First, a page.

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Favorite Albums of 2010

Favorite Albums of 2010

by Marnie Stern

1. Marnie Stern
by Marnie Stern




Purchase Marnie Stern
via Kill Rock Stars.

Marnie Stern - Risky Biz
Marnie Stern - Female Guitar Players Are the New Black

          Best known for her guitar playing style, namely finger-tapping à la Van Halen, Marnie Stern has been a favorite artist of mine for years. While her previous works certainly required technical prowess, they often felt disjoint and somewhat abstract. However, with the addition of a self-titled album to her repertoire, Marnie Stern has composed a more thematically unified record. Lyrics on Marnie Stern are mainly written from the first person perspective, allowing listeners to form a stronger connection to the music. While few have probably experienced the type of loss that Marnie has written about on this record, the way she bares all makes the theme of loss and perseverance heard throughout this release that much more relatable. Paired with her characteristic guitar shredding riffs, Marnie Stern is a shoo-in for album of the year.






by Typhoon

2. Hunger and Thirst
by Typhoon




Purchase Hunger and Thirst
via Tender Loving Empire.

Typhoon - CPR / Claws Pt. 2
Typhoon - The Sickness Unto Death

          Simply put, Hunger and Thirst is a concept album done right. Typhoon’s second full-length album begins with just that– a song about starting over. With each additional track, layers upon layers of lush instrumentation are added until a climax is reached where a symphony of violins and horns is released. Lyrics on the record follow a similar pattern, from first and second person accounts of lies and love, to choruses echoing the various religious sentiments humanity tries to place between the two. Hunger and Thirst progresses onward thematically, until it reaches the last track: “The Sickness Unto Death”. A simple acoustic song, this final addition to the album is a poignant first person account of mortality and morality. With lines like, “I read somewhere that when you face eternity, you face it alone. No matter what you thought, or what you had or you had not; Unless you put yourself in god, but tell me god– Where did you go?”, the track borders on The Antlers’ level of depressiveness. However, by the end of the song the narrator is able to ultimately reject the religious dogma described throughout the record, find his own inner peace and, like the first track began, start all over again. Hunger and Thirst is truly song-writing at its finest.






by Diamond Rings

3. Special Affections
by Diamond Rings




Purchase Special Affections
via Secret City Records.

Diamond Rings - Something Else
Diamond Rings - You and Me

          Though Diamond Rings’ debut LP is certainly more dance- and pop- oriented than many of the other albums featured on this list, it is not short on substance. Stripped down, the songs become moving ballads best described by Daytrotter as “the logical preludes to Matt Berninger of The National’s tales of aging domestic woe. These are the same stories, but told from the point of view of a young man just getting to the edge of the woods, when things begin not looking familiar anymore.” Whether you’re in that same awkward stage in your life or you just want to dance your ass off, spin Special Affections for a good time.






by BRONZE and FLIGHT

4. BRONZE EP
by BRONZE
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The Lead Riders EP
by FLIGHT


BRONZE - Horses
FLIGHT - Goodbye Horses (Q Lazzarus Cover)
Download the BRONZE EP via Bandcamp &
Purchase The Lead Riders EP via Kill Zoo Music.




          Admittedly, I cheated a bit by including two EPs on this list, but they were too good to pass up! Besides, two half albums make a whole record, right? Though both clock in at under a half hour, they each pack a hefty punch. Stylistically, the two EPs couldn’t sound more different: BRONZE maintain their predecessor’s sharp and angular sound, while The Lead Riders presents the listener with distorted and drugged-out garage rock in all its glory. So it might appear that these two groups have nothing in common, but surprisingly enough both seem to have a penchant for writing and covering songs about none other than that elegant animal indie bands love to use in their names: Horses. BRONZE frontman, Charlie Davis, claims that neither the FLIGHT cover nor the original Q Lazzarus song were used as influences for their track, “Horses”, but I’ll let you decide for yourself.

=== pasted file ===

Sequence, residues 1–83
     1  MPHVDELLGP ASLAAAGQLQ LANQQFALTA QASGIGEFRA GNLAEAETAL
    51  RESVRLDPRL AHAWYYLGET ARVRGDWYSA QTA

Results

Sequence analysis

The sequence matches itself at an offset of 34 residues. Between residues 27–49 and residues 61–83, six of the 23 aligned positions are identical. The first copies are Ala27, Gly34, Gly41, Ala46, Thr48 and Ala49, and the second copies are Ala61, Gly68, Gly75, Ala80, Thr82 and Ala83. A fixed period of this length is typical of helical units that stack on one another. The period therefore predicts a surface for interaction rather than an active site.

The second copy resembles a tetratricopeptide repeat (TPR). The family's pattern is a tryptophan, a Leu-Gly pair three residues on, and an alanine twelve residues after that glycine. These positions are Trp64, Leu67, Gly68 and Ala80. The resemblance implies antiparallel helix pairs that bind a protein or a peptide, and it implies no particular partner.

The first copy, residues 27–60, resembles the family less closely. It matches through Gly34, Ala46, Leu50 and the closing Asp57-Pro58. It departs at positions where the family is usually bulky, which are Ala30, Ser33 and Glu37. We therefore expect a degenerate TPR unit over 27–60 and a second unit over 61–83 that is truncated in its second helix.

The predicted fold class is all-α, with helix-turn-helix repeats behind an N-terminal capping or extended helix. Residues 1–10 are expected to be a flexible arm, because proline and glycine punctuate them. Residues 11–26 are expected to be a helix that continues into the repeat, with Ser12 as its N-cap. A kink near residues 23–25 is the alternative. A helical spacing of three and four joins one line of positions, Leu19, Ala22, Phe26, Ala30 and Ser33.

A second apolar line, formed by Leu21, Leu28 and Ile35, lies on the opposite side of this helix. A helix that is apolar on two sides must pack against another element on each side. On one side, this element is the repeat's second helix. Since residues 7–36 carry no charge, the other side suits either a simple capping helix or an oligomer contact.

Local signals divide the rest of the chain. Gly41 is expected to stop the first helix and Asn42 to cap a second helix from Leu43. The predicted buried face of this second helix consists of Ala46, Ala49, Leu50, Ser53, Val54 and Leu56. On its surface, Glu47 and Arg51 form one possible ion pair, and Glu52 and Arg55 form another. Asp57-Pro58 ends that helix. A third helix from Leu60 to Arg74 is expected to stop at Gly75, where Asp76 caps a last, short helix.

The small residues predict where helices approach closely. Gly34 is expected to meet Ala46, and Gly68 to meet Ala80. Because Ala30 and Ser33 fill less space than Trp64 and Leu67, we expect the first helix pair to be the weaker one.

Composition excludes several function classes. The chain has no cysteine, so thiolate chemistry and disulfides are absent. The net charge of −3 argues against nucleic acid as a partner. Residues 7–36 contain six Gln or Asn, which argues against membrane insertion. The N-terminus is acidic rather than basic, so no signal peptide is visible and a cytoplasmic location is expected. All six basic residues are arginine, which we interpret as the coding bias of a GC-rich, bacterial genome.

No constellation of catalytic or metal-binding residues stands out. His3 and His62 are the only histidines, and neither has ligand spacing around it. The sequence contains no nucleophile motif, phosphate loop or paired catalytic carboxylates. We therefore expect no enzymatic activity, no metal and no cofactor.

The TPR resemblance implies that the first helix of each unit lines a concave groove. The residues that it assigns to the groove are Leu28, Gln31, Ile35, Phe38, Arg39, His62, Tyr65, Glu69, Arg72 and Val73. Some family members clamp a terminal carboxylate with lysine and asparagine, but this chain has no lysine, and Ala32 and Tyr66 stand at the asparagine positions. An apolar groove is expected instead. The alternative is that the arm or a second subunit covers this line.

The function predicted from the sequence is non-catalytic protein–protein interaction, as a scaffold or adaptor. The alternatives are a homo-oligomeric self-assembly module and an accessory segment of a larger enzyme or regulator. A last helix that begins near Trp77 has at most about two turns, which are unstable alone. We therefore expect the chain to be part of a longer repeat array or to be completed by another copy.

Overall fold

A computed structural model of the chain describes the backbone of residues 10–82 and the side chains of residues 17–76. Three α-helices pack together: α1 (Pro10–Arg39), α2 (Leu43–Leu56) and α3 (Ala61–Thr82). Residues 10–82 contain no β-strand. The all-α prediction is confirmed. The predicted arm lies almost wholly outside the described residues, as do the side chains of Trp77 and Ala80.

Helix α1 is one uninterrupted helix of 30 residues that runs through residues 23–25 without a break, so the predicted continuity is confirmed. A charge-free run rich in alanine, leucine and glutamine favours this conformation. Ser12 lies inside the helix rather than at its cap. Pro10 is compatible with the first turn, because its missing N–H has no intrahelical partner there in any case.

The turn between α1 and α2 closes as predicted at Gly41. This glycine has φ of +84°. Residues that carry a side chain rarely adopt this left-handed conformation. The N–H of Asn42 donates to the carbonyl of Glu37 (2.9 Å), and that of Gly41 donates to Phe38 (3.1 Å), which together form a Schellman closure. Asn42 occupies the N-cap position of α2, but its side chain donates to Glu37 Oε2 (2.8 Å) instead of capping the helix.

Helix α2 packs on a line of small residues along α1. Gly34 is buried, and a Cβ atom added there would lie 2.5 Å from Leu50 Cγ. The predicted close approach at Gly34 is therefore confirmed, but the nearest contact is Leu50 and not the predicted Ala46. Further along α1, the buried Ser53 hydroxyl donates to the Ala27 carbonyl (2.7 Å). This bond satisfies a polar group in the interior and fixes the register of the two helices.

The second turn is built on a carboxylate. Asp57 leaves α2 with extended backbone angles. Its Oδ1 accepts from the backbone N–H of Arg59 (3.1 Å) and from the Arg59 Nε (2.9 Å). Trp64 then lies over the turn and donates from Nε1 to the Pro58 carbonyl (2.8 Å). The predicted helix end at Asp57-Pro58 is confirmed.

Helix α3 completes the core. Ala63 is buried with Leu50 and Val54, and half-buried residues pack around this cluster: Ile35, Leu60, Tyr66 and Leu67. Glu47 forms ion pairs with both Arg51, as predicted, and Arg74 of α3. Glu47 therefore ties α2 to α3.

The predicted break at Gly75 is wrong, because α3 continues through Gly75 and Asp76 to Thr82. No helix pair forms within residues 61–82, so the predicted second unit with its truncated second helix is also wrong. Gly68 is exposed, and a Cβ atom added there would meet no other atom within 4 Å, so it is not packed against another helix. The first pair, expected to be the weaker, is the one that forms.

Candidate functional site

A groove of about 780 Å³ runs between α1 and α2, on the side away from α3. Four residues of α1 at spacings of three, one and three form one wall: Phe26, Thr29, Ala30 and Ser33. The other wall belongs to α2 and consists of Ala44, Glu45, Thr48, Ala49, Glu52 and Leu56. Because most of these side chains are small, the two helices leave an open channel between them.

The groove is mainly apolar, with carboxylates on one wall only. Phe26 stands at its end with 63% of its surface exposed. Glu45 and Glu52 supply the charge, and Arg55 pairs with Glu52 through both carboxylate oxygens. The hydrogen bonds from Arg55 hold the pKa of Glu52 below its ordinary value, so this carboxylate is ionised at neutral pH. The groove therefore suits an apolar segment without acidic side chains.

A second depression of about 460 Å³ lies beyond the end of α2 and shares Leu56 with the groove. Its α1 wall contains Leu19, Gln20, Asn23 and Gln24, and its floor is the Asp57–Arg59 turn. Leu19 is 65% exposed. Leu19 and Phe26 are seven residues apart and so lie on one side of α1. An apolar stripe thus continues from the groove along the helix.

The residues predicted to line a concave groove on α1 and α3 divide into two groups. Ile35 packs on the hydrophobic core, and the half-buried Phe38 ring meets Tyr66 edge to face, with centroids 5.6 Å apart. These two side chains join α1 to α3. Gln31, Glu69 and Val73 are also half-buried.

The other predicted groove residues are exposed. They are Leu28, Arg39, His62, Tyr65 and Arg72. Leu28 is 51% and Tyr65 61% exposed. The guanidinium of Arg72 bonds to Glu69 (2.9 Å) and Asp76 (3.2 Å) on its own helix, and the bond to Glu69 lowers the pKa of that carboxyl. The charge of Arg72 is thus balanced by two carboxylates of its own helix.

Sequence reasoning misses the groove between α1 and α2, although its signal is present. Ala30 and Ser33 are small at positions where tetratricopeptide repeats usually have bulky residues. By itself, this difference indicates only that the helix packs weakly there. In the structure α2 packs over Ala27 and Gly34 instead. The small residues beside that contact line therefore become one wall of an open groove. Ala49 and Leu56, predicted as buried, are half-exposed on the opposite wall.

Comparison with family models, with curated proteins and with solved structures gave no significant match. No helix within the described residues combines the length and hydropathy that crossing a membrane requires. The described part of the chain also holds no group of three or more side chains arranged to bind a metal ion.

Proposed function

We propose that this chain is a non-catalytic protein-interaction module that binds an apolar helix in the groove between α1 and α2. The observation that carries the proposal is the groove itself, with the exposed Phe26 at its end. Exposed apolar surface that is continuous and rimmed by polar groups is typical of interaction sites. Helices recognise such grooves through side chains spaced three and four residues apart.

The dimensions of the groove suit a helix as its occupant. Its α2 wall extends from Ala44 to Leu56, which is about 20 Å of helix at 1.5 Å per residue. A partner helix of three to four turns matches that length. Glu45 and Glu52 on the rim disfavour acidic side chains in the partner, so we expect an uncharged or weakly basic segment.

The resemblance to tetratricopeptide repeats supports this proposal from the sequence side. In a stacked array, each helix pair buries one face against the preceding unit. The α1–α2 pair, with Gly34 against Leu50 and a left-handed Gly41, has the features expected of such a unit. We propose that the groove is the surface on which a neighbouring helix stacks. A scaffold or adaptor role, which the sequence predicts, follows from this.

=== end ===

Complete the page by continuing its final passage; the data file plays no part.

by The National

5. High Violet
by The National




Purchase High Violet
via Beggars Group.

The National - Sorrow
The National - Bloodbuzz Ohio

          Is it raining outside? Have you watched a little too much Mad Men today? Loosen up that tie or ease off those favorite cocktail dress sling-backs. Grab that bottle of merlot and, if you’re feeling creative, make yourself a jack and coke. Put this record on (your turntable, preferably) and wait for the magic to happen. If you’re lucky, the music gods may bless you with the epiphany of knowing what a mashup of “Sorrow” and the Magnetic Fields’ “I Don’t Want to Get Over You” would sound like. You’re welcome.






by Sufjan Stevens

6. The Age of Adz
by Sufjan Stevens




Purchase The Age of Adz
via Asthmatic Kitty.

Sufjan Stevens - Age Of Adz
Sufjan Stevens - I Want To Be Well

          A highly contested and debated record, The Age of Adz is the first traditional album in years from usually prolific musician Sufjan Stevens. Many fans of his largely acoustic and orchestral sound were taken aback by the introduction of electronic music elements like synthesizers and drum machines to Stevens’ latest effort, however I feel like the change was a necessary one: Sufjan was getting tired of all that banjo, and frankly so was I. While I still can’t bring myself to approve of his use of auto-tune on The Age of Adz, I can appreciate Stevens’ choice of a new direction for this album. Taking into consideration the medical issues he encountered during the making of this record and the schizophrenic outsider-artist, Royal Robertson, The Age of Adz is based on, claims by some critics that the album is directionless and over-done can be easily dismissed. On the track “I Want to Be Well”, I believe Sufjan says it best himself: “I’m not fuckin’ around.” He’s not, folks; This album is fantastic.